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John Nichols discusses Nader’s comments about Obama and Obama’s response.
Obama may be “the first liberal evangelist in a long time,” says Nader, but the senator’s “better instincts and knowledge have been censored” since he hit the nation stage.
“(Obama’s) leaned, if anything, toward the pro-corporate side of policy-making,” Nader said of the senator from Illinois. The consumer activist also scored Obama on on foreign policy, noting that, “He was pro-Palestinian when he was in Illinois… Now he’s supporting (right-wing Israeli policies that thwart progress toward peace in the Middle East).”
Such blunt statements may not win Nader many friends among Obama’s enthusiastic backers, and Obama did not exactly welcome his new rival to the race. “Ralph Nader deserves enormous credit for the work he did as a consumer advocate,” Mr. Obama said while campaigning in Ohio “But his function as a perennial candidate is not putting food on the table of workers.”
But Nader’s not looking for Valentines from the Democrats.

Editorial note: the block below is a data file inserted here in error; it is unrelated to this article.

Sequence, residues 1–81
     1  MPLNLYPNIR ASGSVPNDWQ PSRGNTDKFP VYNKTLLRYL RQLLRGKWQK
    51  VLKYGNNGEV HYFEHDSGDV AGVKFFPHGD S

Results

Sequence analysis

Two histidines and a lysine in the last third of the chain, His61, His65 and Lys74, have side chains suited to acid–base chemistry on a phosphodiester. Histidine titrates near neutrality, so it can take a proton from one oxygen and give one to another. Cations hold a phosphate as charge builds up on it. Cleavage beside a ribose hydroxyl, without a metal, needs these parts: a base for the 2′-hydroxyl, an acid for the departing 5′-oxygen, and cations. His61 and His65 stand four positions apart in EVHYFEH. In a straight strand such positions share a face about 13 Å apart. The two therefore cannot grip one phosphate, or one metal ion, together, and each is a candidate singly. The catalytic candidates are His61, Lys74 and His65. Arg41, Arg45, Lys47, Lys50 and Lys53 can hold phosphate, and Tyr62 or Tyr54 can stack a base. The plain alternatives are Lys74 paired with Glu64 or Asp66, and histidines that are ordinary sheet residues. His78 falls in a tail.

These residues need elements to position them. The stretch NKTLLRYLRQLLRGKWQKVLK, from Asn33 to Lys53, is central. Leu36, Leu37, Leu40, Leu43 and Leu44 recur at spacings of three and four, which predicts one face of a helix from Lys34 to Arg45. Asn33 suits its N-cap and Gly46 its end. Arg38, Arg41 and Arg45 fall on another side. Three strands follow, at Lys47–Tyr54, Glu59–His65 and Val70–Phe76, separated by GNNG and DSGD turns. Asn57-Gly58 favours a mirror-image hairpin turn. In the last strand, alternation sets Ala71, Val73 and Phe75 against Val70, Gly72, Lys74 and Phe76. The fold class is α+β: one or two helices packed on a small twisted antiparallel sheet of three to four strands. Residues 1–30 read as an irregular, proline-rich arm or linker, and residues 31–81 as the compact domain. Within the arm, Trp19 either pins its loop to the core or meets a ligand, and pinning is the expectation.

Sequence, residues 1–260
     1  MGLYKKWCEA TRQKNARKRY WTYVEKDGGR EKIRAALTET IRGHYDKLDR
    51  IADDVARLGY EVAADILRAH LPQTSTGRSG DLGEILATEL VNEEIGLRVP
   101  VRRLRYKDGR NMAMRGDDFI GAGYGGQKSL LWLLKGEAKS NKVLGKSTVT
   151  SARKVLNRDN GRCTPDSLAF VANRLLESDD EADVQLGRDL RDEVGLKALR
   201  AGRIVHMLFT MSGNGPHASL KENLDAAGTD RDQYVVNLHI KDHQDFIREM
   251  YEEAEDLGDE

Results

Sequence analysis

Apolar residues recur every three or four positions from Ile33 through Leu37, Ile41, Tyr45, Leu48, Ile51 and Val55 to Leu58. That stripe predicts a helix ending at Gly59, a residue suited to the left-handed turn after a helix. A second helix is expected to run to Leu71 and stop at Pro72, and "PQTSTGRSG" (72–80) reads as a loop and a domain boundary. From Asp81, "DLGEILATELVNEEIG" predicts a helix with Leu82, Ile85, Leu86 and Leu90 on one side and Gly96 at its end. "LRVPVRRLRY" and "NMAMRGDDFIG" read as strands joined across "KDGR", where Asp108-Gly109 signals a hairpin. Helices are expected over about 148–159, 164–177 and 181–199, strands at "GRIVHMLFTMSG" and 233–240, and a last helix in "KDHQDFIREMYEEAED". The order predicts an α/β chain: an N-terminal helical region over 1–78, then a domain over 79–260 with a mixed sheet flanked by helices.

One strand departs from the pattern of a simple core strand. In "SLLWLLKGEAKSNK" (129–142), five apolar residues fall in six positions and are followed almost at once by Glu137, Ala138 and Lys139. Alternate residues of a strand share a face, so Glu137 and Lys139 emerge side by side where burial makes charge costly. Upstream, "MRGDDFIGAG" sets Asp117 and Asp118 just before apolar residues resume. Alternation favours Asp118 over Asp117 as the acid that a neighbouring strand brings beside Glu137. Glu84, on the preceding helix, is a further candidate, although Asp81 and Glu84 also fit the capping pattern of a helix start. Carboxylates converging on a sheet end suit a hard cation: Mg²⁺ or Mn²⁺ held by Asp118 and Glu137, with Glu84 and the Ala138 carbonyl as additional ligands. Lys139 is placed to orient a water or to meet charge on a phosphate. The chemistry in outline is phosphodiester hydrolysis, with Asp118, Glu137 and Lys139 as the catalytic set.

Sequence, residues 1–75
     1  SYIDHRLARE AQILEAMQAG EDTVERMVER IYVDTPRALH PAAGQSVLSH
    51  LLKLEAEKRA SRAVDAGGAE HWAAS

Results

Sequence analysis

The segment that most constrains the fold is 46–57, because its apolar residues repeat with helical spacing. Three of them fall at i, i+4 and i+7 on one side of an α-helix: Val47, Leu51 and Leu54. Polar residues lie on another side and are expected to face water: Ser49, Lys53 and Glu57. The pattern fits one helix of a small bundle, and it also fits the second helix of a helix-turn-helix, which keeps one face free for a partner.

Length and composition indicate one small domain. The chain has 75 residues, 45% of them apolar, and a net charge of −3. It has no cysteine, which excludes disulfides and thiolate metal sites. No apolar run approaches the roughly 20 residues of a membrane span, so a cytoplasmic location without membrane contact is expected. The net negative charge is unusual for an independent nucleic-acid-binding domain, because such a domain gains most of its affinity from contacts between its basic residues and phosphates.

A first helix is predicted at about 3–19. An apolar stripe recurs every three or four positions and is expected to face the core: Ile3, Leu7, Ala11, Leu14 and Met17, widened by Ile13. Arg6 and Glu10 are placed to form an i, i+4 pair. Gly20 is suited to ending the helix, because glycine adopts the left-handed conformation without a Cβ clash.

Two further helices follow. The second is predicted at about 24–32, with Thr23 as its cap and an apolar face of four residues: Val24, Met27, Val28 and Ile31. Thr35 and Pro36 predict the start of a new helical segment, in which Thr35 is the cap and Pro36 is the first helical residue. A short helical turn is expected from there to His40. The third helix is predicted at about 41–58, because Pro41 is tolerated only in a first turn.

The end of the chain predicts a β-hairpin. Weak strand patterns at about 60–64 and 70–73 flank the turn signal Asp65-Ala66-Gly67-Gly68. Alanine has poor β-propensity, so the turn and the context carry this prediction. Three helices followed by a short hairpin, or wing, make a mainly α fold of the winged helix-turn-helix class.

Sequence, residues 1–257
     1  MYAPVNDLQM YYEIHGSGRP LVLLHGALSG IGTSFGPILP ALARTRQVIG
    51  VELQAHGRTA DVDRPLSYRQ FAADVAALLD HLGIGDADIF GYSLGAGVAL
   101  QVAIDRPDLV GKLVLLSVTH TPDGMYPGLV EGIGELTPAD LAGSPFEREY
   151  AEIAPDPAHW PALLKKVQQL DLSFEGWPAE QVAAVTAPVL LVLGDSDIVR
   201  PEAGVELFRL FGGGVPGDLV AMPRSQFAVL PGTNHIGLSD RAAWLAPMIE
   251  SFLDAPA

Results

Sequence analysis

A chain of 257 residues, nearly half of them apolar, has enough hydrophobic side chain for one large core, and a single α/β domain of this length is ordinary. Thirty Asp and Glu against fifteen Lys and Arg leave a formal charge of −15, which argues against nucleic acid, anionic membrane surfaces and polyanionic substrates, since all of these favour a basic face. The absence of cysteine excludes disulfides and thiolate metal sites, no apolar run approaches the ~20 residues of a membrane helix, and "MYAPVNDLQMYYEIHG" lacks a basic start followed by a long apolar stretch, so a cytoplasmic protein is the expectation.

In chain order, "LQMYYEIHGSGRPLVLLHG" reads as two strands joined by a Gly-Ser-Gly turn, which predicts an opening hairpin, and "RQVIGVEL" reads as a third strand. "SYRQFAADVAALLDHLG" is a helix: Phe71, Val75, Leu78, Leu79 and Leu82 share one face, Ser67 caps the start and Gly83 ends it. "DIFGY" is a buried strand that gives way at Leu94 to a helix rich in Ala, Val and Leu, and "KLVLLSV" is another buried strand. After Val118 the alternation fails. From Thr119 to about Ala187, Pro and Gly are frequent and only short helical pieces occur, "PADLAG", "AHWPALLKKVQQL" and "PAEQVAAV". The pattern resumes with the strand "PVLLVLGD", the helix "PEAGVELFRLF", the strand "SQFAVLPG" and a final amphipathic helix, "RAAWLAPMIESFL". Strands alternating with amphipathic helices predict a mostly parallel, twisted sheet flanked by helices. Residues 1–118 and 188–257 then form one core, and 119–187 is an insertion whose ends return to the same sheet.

Frankly, he’s not even all that interested in popular approval.
The DNC folk may be panicking, but Obama doesn’t appear to be.
Nader’s greatest value in any race is — like Socialist Norman Thomas in his races against Democratic Franklin Roosevelt — as a source of pressure on the Democratic nominee to address fundamental questions and perhaps to take more progressive stands on a few issues. As in 2000 and 2004, Nader’s appeal will be determined in large part by the extent to which the Democratic candidate is willing to be bold.
Obama seems to understands this. Unlike Gore or Kerry, who never quite “got” the point of Nader’s runs in 2000 and 2004, the Illinois senator appears to recognize that it is pointless to grumble about Ralph Nader as a “spoiler.” Rather, the point is to be more appealing to progressive voters who might consider voting Green or independent.
“I think the job of the Democratic Party is to be so compelling that a few percentage [points] of the vote going to another candidate is not going to make any difference,” says Obama.
I keep looking for reasons not to like Obama, but they’re far and few.
Meanwhile, Nader didn’t take kindly to the “perennial candidate” comment.